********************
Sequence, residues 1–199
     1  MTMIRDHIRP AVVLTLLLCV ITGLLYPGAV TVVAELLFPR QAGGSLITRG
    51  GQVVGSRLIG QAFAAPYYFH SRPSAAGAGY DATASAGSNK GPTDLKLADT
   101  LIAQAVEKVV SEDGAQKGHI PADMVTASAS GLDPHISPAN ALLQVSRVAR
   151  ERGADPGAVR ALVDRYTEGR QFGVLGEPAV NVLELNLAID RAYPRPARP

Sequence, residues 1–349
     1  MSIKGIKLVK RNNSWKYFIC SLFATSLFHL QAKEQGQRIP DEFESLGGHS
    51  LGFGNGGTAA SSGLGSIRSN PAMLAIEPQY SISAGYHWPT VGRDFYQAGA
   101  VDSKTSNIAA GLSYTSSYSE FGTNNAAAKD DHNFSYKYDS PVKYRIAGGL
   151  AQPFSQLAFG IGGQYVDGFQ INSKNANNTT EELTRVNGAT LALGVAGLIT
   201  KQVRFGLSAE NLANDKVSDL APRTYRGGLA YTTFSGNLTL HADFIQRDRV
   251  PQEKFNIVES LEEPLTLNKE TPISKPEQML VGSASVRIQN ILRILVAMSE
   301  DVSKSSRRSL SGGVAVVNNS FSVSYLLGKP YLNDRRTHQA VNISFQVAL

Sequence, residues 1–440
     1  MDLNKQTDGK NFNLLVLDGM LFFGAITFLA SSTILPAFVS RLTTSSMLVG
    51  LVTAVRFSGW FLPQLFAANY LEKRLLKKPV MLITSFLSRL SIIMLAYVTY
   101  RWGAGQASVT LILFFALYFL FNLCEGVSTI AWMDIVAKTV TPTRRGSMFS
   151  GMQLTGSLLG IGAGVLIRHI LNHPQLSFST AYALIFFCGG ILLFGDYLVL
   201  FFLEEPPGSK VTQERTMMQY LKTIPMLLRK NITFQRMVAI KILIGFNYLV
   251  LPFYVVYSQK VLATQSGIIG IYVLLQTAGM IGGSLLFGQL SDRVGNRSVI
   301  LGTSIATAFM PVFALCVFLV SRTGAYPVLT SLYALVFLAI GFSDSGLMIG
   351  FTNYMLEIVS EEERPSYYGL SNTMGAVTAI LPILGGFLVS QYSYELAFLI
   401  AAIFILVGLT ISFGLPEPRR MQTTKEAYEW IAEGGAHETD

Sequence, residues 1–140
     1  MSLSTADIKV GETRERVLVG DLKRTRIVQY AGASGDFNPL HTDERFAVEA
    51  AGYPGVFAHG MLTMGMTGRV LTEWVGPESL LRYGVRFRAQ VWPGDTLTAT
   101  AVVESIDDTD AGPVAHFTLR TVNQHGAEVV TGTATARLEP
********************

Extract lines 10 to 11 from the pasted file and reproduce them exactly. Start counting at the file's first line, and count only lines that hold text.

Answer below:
   151  AQPFSQLAFG IGGQYVDGFQ INSKNANNTT EELTRVNGAT LALGVAGLIT
   201  KQVRFGLSAE NLANDKVSDL APRTYRGGLA YTTFSGNLTL HADFIQRDRV